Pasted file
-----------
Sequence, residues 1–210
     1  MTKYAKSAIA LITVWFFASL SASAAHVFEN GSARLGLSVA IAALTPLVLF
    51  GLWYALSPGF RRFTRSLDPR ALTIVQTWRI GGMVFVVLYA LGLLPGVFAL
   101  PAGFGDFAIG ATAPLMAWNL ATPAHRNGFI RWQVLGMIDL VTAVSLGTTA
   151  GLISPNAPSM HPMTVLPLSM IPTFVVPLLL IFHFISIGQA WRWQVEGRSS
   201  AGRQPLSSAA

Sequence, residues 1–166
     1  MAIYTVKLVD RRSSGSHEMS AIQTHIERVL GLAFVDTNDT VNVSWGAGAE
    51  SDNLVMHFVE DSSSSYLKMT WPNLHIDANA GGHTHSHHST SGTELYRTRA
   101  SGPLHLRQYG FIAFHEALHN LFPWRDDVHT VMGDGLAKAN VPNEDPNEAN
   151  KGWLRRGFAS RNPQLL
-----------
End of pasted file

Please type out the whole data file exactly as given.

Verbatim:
Sequence, residues 1–210
     1  MTKYAKSAIA LITVWFFASL SASAAHVFEN GSARLGLSVA IAALTPLVLF
    51  GLWYALSPGF RRFTRSLDPR ALTIVQTWRI GGMVFVVLYA LGLLPGVFAL
   101  PAGFGDFAIG ATAPLMAWNL ATPAHRNGFI RWQVLGMIDL VTAVSLGTTA
   151  GLISPNAPSM HPMTVLPLSM IPTFVVPLLL IFHFISIGQA WRWQVEGRSS
   201  AGRQPLSSAA

Sequence, residues 1–166
     1  MAIYTVKLVD RRSSGSHEMS AIQTHIERVL GLAFVDTNDT VNVSWGAGAE
    51  SDNLVMHFVE DSSSSYLKMT WPNLHIDANA GGHTHSHHST SGTELYRTRA
   101  SGPLHLRQYG FIAFHEALHN LFPWRDDVHT VMGDGLAKAN VPNEDPNEAN
   151  KGWLRRGFAS RNPQLL